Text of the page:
Home   News   Article

Subscribe Now

Council tax increase agreed by South Cambridgeshire District Council

More news, no ads


South Cambridgeshire District Council has voted to increase its share of the council tax by 3.4 per cent.

Bridget Smith leader of South Cambridgeshire District Council, Cambourne. Picture: Keith Heppell. (44604640)
Bridget Smith leader of South Cambridgeshire District Council, Cambourne. Picture: Keith Heppell. (44604640)

The decision was taken at a meeting of the full council on Tuesday (February 23), where the Liberal Democrat-controlled council agreed its annual budget for 2021/22.

From April, residents of South Cambridgeshire will pay an additional 3.4 per cent in council tax to the district council.

The increase is the maximum the council can introduce without triggering a district-wide referendum on the change.

For the average property – band D – the district’s share of council tax will increase by £5 to £155.31 for the year.

Council tax paid to the district makes up a minority of the council tax bill, with the bulk of the funds going to the county council, and a share also going to the police, fire services and the parish councils – all of which have also increased their share of the council tax this year.

With all the increases factored in, the council tax bill for a band D home in South Cambridgeshire will rise to £1,971 this year, which amounts to an increase of 3.37 per cent.

South Cambridgeshire District Council anticipates it will receive around £10 million in council tax this year – roughly half its annual budget.

The council says it remains in the lowest 25 per cent of taxing district councils in the country.

The budget was passed and council tax agreed against the extraordinary backdrop of the Covid-19 pandemic.

Leader of the council, Liberal Democrat councillor Bridget Smith, said the virus has made “life really difficult” for the finance team as well as others, and thanked them for their work.

She said the pandemic and economic recovery has also “reaffirmed” the council’s priorities, of which she highlighted protecting the environment, supporting business, and ensuring the affordability of housing “for everybody”.

The council estimates that the cost of dealing with the pandemic so far has been approximately £2.35 million. This is mainly due to increased spending on PPE, additional staff members to help in several areas such as community response, processing business grants and council tax support and new software for administering grants.

Also, some savings that the council had envisaged making during the past 12 months have not been possible due to coronavirus, and income from fees, such as planning and licensing charges, has dropped.

The council has received £1.9 million in government grants to help it deal with increased spending due to coronavirus.

The council’s lead cabinet member for finance, Lib Dem councillor John Williams, said the year’s budget “is about continuing to give support to our residents and businesses to help them recover from the pandemic”.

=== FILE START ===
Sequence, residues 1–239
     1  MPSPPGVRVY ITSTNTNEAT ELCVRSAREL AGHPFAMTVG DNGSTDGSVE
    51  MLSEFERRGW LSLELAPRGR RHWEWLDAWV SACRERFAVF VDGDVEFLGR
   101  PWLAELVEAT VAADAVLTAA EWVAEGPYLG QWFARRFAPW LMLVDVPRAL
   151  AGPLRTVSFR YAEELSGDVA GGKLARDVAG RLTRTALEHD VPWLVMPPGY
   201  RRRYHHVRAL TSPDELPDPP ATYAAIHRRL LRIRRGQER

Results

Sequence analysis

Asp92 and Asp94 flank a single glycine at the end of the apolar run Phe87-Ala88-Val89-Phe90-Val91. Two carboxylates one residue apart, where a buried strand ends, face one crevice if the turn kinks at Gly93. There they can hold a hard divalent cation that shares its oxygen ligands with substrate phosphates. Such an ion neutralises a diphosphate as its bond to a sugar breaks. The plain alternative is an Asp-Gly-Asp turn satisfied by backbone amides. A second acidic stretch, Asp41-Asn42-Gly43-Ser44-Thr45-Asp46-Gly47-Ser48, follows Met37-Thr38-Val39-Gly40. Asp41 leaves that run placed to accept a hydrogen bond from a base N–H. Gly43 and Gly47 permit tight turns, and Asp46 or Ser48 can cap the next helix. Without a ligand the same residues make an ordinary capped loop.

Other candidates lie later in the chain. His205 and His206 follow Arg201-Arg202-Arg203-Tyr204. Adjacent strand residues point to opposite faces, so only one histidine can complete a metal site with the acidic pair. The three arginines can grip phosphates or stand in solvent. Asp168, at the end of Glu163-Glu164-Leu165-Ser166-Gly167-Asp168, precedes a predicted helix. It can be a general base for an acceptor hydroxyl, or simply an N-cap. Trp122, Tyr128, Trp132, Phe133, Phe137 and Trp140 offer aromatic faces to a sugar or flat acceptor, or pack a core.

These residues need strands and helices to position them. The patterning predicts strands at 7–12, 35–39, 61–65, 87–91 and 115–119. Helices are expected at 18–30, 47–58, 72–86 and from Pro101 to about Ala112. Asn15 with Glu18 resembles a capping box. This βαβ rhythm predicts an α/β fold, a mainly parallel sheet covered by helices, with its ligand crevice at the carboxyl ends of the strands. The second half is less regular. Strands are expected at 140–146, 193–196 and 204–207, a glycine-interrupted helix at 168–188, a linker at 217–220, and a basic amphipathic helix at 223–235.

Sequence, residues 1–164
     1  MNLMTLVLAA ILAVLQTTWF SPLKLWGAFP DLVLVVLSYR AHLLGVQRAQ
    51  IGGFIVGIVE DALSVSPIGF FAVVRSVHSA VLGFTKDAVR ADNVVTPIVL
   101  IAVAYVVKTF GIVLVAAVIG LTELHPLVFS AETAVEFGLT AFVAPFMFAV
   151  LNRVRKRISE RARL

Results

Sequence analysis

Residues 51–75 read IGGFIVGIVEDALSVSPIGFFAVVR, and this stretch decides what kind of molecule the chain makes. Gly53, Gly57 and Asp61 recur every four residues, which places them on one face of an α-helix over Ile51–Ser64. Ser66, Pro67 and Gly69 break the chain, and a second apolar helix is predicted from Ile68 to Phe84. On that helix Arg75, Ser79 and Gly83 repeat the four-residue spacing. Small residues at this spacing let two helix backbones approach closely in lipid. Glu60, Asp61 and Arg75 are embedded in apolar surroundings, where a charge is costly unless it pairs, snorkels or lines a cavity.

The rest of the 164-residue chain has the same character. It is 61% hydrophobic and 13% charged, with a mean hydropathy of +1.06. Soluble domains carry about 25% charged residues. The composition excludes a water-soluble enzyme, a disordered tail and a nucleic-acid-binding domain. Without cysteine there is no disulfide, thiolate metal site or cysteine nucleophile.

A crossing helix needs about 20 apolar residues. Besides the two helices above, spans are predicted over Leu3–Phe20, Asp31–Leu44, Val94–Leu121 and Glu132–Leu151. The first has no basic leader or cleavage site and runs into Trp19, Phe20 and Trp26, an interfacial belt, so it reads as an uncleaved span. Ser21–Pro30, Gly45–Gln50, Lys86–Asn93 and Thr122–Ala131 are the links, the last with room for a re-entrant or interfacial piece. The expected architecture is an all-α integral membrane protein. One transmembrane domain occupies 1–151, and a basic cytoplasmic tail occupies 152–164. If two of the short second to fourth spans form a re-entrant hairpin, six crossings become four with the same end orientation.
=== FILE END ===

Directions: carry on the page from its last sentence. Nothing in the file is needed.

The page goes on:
He quoted the Local Government Association which, he said, claimed the government’s financial settlement for the year is “dependent on councils increasing council tax bills”.

Cllr Williams said: “The net expenditure for 2021/22 to be met from government grants, business rates, local taxpayers, is estimated at nearly £21.7 million. The probable out-turn figure for the current financial year is £25.2 million.

“To help bridge this gap, council tax payers are being asked to pay an extra 10p a week for the average band D property”.

He also highlighted the council has a council tax support scheme for those struggling to pay the bill.

Cllr Williams also raised concerns that the economic fallout from the pandemic is reducing the council’s income received through business rates, and that the council is planning to make savings and increase income adding up to £2.1 million this year as part of a four-year transformation process.

He said: “The local council tax collection rate has held up, and we thank council taxpayers for maintaining their payments. Despite the uncertainty of the economic situation, we expect, given our experience so far, that this will continue into the new financial year.

“But while the income from council taxpayers has held up, we have seen a hit on business rate income, and we have concerns that the long-term effects of Covid-19 in terms of business failures and property devaluation may impact on the business rate growth in this coming financial year.”

He added: “Against this background of less income from business rates and grants, the council is not just relying on more money from council taxpayers. To do our bit we have embarked on an ambitious four-year plan to transform council service quality, better realign our financial resources to business plan priorities, and improve customer service.”

The budget also includes a plan to increase the charge for additional green bin garden waste collections. The first green bin for a household will remain free, but the charge for an additional bin for collection will increase by £5 a year over the next three years, rising from £35 to £50.

Read more:

£29m for highways and footpaths in Cambridgeshire County Council’s £660m budget for 2021-22

‘New-builds should come with a risk warning’, says founder of Homebuyers Fightback

This site uses cookies. By continuing to browse the site you are agreeing to our use of cookies - Learn More